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Zimbabwe: Elections

Volume 700: debated on Thursday 27 March 2008

asked Her Majesty’s Government:

Whether the current electoral process in Zimbabwe conforms to the Southern African Development Community standards for the conduct of elections.

My Lords, the conditions for elections in Zimbabwe are poor: the electoral register is not accurate; the electoral commission is not independent; and the opposition parties are not permitted to campaign and hold rallies freely, nor are they being given fair access to media. It is important for the credibility of those that do send observers that they ensure that Zimbabwe’s election meets the SADC principles and guidelines.

My Lords, I am sure the whole House agrees with what the Minister has just said. Are not the elections which will happen in the next few days regarded as particularly important because they are taking place under the auspices of President Mbeki of South Africa and at the instance of SADC? Was not one of the successes of those negotiations an agreement that the police would not be present in the polling stations while voting was taking place? However, is it not also true that President Mugabe has recently revoked that decision without consulting anybody as far as I know, certainly not consulting even his own Government? Does that not mean that the elections will take place without adhering to the SADC rules for elections, which are pretty good? Is the Minister aware of any complaint which has been made by a SADC member country or even by the secretary-general of SADC?

My Lords, the noble Lord’s characterisation of these elections taking place under the auspices of President Mbeki is one that I suspect President Mbeki would quibble with. The changes that he sought to secure in the election processes of Zimbabwe have been honoured more in the breach than the observance. Many of them, while put on to the statute book, have not been fully implemented by the Government and the fact is that the fundamentals of the SADC principles are not met. More than 3 million to 4 million people remain outside the country, which—as there are only 5.9 million registered voters for the election—means that at least one-third of the country is disfranchised. I could continue with the list. It is a very sorry situation.

My Lords, on the assumption that the forthcoming elections in Zimbabwe may well replicate recent events in Kenya, will the Government say what steps are being taken to protect the interests of British nationals who may be living in Zimbabwe?

My Lords, my noble friend is right. We have to look at every possible eventuality. We very much hope that there will not be the violence that followed the elections in Kenya. We very much hope that the Government of Zimbabwe will allow free and fair elections and then accept the result. But if that does not happen and there is indeed violence and displacement, we have plans in place. It will not surprise the noble Lord if I say that it would be imprudent of me to go beyond that at this stage.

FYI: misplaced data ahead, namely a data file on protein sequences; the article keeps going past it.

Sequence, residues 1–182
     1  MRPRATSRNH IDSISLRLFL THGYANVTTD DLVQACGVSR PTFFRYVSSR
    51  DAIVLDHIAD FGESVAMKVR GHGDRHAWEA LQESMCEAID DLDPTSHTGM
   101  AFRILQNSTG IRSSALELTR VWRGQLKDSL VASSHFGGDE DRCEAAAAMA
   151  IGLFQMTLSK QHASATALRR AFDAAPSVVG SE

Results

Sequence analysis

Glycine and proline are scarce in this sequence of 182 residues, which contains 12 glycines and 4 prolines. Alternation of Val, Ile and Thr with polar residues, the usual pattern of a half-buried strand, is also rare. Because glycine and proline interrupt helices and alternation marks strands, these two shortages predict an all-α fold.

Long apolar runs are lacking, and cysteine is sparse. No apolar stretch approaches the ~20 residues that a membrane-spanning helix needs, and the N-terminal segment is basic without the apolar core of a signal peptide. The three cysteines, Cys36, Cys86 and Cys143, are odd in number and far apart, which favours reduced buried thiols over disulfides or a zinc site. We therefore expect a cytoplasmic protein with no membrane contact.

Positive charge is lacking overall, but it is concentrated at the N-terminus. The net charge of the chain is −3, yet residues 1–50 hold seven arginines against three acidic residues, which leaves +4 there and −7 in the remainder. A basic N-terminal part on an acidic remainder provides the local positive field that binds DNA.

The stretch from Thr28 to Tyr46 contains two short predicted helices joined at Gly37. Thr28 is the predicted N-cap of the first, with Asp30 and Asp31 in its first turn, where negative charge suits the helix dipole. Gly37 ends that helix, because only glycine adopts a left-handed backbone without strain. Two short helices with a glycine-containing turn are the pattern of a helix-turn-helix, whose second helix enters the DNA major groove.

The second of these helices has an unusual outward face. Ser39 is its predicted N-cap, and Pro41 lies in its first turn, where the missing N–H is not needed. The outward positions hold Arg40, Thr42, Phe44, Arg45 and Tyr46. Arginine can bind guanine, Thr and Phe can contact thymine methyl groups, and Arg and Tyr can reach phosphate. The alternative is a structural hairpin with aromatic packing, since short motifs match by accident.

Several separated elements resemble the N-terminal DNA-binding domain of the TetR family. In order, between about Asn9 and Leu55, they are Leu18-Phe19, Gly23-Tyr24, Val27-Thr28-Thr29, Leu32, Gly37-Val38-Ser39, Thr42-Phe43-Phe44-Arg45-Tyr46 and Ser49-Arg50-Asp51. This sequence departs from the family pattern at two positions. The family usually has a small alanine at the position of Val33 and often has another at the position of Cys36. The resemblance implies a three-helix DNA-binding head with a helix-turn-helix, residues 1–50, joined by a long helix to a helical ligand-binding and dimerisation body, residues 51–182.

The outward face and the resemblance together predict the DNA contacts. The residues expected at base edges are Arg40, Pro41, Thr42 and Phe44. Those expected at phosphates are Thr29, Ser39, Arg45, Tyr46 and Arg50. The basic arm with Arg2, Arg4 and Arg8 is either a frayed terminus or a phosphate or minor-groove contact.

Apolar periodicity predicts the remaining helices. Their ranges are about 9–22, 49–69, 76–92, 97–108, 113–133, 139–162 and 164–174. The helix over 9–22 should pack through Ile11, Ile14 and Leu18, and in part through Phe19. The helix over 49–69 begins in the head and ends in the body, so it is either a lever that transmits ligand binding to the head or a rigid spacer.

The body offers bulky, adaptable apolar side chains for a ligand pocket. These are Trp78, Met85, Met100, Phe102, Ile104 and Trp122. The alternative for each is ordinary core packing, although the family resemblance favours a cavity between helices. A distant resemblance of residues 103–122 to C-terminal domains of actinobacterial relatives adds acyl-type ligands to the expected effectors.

My Lords, more important than what we or Amnesty International, Human Rights Watch or the International Crisis Group think, has the Minister noted—more importantly, does he think that the observer groups have noted—the comments by Mr Bongani Masuku, international affairs officer of the South African trade union movement, COSATU, that there have been blatant deviations from SADC principles, including, for example, the denial of access to the state-run print and broadcasting media, the printing of 3 million extra ballot papers, denial of access by the opposition candidates to the registers, and so on? How can one have a free and fair election in these circumstances?

My Lords, a wide range of independent observers—the noble Lord mentioned several: the International Crisis Group, Human Rights Watch and the United States State Department, as well as local observers in the region—have already declared that these elections cannot be free and fair. Given the British position, it behoves us to reserve our own judgment until after the election. I think that the ruling party would like nothing more than for me in this House today to declare the elections as already not free and fair. But the noble Lord is correct: the omens are dreadful.

My Lords, the World Food Programme has brought forward food distributions just in time to boost Mugabe’s campaign. In the light of the WFP’s claim that it has zero tolerance for political interference in its work, does the Minister agree that it should be unacceptable to it that reporters and election monitors from countries that pay for the food are banned from Zimbabwe?

My Lords, the World Food Programme, as the noble Lord knows, is a humanitarian organisation. I have every confidence that it is doing all it can to prevent the politicisation of its mission. While no British election observers, for example, are there, we contribute to the WFP and to its programmes for Zimbabwe. We have always felt that the poor of Zimbabwe should not be the victims of the heinous policies of their Government.